The zoning changes proposed by city planners would create a single C6-4 zoning lot on the former P.C. Richard site. Without the land use alterations, the building could only rise to 14 stories (as opposed to 21). MyPhuong Chung, chairperson of the land use committee, noted that the city long ago acquired the right to sell the property; the only purpose of the ULURP is to approve a larger building than current zoning allows. Since this is the case, Chung said, she fears a conditional approval of the ULURP would backfire. “We’re opening the door to a project that is devoid of any benefits to the community,” said Chung. “It would be basically a market rate office building (or potentially luxury housing).”
Chung also referenced comments made earlier this week by District 2’s new City Council representative, Carlina Rivera. During last year’s campaign, Rivera told GVSHP, “I would use my leverage as Councilwoman to condition my support for the Tech Hub upon the city approving zoning protection for the adjacent residential area.” But in a reporter roundtable on Monday, Rivera expressed confidence that the de Blasio administration will respond to community concerns, and that both the tech hub and a rezoning will ultimately move forward. Chung asserted, “We need to not work against our Council person, who’s already gone on record as recently as Monday, saying that she supports both projects, both incentivizing affordable housing in our neighborhood and the tech hub.”
In ULURP, any community board member present (not just committee members) is allowed to vote. On Wednesday night, 17 voted in favor of a resolution that set no firm conditions regarding the Third/Fourth Avenue rezoning proposal, and 6 voted against. The resolution did include a number of prerequisites for approval, including the following provision:
(The) City works with (the) community, CB3, and (the) City Council to incentivize affordable housing in the Third, Fourth Avenues area and (agrees to) exclude some commercial use groups such as hotels and big box stores.
Andrew Berman, executive director of GVSHP, has raised questions about Wednesday evening’s straw poll (10 in favor of tech hub approval on the condition of a rezoning, 11 against a conditional approval). He released a statement following the meeting:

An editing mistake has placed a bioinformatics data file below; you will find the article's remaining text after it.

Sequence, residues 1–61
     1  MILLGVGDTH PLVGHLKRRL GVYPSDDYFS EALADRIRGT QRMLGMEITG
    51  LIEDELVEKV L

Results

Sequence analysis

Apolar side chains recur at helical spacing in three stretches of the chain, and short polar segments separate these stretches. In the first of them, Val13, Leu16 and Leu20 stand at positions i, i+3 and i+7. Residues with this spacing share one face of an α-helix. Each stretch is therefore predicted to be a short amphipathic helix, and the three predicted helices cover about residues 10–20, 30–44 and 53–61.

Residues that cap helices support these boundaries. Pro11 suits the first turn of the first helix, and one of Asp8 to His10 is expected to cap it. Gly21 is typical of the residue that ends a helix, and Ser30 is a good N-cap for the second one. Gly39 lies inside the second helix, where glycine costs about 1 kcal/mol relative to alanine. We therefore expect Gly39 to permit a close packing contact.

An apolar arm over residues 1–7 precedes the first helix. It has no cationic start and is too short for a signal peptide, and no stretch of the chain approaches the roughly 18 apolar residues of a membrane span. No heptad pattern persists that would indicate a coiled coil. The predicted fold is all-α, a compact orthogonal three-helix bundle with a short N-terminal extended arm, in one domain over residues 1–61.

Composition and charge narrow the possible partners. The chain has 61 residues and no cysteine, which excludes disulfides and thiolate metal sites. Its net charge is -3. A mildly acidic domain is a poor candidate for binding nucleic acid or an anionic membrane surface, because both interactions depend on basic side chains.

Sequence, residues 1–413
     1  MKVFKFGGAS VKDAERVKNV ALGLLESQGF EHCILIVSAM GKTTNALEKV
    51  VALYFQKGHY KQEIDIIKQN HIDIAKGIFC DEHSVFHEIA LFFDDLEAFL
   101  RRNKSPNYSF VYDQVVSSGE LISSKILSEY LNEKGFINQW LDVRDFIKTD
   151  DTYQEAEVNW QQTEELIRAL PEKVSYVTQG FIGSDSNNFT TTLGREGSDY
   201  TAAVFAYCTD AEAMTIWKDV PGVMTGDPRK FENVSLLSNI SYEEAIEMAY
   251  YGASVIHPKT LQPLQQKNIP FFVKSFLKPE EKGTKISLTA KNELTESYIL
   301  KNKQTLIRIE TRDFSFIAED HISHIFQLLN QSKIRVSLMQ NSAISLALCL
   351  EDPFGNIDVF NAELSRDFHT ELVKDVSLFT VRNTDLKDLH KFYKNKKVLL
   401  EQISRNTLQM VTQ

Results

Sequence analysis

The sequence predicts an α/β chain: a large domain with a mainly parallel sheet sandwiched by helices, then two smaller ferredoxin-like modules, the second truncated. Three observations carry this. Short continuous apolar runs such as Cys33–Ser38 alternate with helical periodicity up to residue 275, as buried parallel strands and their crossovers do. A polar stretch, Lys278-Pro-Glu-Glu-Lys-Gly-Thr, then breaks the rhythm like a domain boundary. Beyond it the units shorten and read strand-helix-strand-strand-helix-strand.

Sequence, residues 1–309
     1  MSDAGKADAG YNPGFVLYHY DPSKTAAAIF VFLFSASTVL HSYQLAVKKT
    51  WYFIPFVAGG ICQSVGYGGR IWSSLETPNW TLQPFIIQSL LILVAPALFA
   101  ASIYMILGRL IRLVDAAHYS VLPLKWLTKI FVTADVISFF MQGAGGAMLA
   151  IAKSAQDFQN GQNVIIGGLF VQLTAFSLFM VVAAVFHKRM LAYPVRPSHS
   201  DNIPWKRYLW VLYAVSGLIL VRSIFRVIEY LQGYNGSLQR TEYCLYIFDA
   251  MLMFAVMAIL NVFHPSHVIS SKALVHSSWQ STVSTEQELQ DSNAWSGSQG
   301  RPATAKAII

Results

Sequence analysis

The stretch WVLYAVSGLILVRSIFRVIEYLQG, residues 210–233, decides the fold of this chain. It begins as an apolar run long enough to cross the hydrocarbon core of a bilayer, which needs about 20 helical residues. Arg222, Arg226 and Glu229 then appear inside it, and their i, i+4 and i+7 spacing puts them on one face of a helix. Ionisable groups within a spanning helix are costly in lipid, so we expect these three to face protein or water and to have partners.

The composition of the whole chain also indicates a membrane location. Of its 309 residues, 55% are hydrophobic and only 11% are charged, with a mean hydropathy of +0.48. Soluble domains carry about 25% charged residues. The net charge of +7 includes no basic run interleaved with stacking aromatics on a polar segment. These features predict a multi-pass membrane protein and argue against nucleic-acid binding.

By the narrowest of votes in which several of our supporters who should have been allowed to vote were not allowed to do so, a strong resolution incorporating all of our concerns was defeated for a weaker one incorporating some but not all of our concerns. We will continue to push for stronger language at the full board meeting that reflects all the community’s concerns about this project and its potential impacts upon the surrounding neighborhood, and most importantly keep working to ensure that at the end of the day this neighborhood gets the protections it deserves and needs.
Berman makes the case that all community members should have been permitted to vote in the informal straw poll that determined whether CB3 would insist on a rezoning. Several board members in the audience did not participate. It’s an issue certain to come up at the full board meeting later this month (board leadership will likely argue that informal polls are not subject to ULURP rules).
The broader debate at that meeting is sure to be contentious. Like the committees voting this week, the full board will probably be divided on the issue of linking approval of the tech hub with a firm commitment from the city to start a rezoning. Local activists, as well as the developers will be furiously lobbying their allies on CB3 between now and Feb. 27, when the final ULURP vote takes place.